New Series - Modern Motherhood and Connecting with our Past

Modern Motherhood is a new series that came to mind the other day while I was studying the book of Genesis. I thought to write some blog posts on motherhood and relate the modern woman's plight to that of ancient society.

Firmin Baes - Sweet dreams

That sounds like a paradox. How can the mothers in Genesis who lived in a patriarchal society that viewed them as property, relate to the modern mother who is able to vote, work outside the home and enjoys increasingly equal status with her male counterpart, even though society in some respects has not caught up with the concept of equality?

The women of Genesis were considered property. They had no legal rights. Their husbands could order them about as though they were indentured servants, and even mistreat them if they disobeyed. These women worked from before sun up to sun down doing the laundry, gathering food and raising their children. They spoke a different language, knew nothing about appliances and wore clothing that was completely made by hand. A woman living in that patriarchal society suffered ruin if she was raped, meaning that she would never get married. If she became pregnant out of wedlock, she could be killed along with her baby - never mind the man who put her in that position. If a woman married, she would probably be one of several wives and it was her job to have children. Women who did not have children suffered ridicule from others and also dealt with psychological pressure based on the importance of bearing children in their society. A woman who was widowed could face starvation and death if there was no one to take care of her.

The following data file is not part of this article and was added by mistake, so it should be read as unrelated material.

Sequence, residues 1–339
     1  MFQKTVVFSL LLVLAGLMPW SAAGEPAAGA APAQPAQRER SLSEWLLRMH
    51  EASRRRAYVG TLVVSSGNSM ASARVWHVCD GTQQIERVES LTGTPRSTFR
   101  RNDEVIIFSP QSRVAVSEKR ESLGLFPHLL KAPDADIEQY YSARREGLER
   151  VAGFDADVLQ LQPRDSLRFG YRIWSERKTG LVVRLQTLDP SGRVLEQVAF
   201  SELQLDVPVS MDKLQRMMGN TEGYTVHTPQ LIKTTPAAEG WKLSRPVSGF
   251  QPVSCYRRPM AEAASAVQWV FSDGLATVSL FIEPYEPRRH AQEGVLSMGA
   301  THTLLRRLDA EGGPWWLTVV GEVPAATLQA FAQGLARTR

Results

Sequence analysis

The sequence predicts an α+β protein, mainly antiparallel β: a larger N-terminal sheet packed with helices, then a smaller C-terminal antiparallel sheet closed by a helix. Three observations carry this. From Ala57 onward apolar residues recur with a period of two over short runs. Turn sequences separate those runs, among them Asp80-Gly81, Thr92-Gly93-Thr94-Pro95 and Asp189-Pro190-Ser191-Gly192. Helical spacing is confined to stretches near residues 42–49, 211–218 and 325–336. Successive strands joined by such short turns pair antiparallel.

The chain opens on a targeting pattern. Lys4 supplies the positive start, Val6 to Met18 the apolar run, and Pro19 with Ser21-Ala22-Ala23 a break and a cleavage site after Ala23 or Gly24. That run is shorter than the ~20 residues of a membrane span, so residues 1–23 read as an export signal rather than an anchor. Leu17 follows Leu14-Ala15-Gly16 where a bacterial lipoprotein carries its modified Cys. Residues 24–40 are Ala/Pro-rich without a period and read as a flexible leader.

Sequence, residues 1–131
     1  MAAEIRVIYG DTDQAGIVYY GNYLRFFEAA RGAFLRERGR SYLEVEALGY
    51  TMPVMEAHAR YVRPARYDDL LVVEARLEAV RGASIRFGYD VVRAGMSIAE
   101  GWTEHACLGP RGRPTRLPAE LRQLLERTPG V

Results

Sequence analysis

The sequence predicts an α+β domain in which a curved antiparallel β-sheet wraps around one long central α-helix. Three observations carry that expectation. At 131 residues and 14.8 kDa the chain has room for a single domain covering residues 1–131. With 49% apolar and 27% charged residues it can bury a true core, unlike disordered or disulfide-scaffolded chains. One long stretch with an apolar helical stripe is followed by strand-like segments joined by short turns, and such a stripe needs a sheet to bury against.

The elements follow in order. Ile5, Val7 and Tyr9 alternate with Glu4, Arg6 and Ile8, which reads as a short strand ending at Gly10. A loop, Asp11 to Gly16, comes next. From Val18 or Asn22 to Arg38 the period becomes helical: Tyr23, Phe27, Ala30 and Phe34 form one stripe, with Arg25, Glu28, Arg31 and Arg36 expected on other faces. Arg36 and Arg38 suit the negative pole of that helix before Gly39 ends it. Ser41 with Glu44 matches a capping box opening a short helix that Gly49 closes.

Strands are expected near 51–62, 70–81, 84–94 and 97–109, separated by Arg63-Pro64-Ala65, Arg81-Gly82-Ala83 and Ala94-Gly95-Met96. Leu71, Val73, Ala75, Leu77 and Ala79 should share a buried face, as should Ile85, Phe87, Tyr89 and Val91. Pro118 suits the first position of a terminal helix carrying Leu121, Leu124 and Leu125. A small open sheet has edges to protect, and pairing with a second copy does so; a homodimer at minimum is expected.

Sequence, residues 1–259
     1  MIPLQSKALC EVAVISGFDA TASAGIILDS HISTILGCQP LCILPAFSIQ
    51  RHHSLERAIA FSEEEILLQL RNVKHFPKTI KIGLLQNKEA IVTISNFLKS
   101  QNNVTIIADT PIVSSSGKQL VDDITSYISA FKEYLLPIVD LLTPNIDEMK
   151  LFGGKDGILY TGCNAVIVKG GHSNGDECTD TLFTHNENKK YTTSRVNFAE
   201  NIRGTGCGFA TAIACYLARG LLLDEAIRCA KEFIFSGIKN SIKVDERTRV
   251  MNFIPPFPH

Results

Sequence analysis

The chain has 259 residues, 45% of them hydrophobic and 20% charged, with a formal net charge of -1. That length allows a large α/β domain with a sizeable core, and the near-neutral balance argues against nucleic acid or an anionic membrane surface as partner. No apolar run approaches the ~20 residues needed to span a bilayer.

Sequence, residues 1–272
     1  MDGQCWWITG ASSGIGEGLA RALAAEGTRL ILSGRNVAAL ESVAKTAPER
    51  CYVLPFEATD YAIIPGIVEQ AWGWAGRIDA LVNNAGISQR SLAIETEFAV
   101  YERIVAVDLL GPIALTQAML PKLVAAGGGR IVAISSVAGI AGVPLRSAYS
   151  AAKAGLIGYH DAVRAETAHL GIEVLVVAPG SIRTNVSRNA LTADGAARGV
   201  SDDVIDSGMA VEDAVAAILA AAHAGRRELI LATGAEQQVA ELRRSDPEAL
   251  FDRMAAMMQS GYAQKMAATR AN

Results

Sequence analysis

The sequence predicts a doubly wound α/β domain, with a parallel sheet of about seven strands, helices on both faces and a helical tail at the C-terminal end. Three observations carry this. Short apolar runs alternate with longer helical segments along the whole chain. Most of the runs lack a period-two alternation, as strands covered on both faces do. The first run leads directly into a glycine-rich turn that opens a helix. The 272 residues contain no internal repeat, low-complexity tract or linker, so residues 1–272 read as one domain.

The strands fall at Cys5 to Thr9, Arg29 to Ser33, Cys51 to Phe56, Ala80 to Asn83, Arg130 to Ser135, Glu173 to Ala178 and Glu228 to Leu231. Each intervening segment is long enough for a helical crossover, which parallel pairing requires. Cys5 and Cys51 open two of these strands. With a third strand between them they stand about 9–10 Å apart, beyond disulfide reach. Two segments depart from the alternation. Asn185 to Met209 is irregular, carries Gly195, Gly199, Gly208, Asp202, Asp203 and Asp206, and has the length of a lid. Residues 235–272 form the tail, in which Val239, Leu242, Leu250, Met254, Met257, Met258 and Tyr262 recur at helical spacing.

Yet, women have survived and have flourished despite the obstacles surrounding them on every side.

For a modern woman, life is a bit easier. She is not considered property by most governments. In many countries, a woman has full legal rights. She can vote. She can own a business, own a house, she does not have to get married in order to survive or garner status. She can gain an education, work outside her home, have sex without worrying about getting pregnant (I'm just stating fact. I'm not saying that it is right). If she is raped or otherwise abused,  there are many resources available who are ready to help her both psychologically and physically. She may even see her rapist brought to justice. If she marries, she can expect to be the only wife and she and her husband can choose whether or not they will have children; they can wait and they can decide how many children they want to have. Women who cannot have children do not face ridicule; however, women who have children outside of wedlock may face some societal disapproval. Life is difficult for them, but the government has food stamp programs and work programs so they will not face starvation. If a woman becomes a widow, the government (in the U.S.) will make sure that she and her children receive her husband's Social Security benefits. In comparison to the past, life is pretty good for the modern woman, in many societies.

Motherhood has not changed much over the years. In this regard, we have much in common with the women of Genesis.
There are other traits that we modern women share with the women of Genesis as well and we will think about them as we progress. So I hope you enjoy this series. I will also be relating my own experience as a mother of three boys, ages 20, 18 and almost 15. They are turning out well so I hope that my experience can add something positive to the discussion.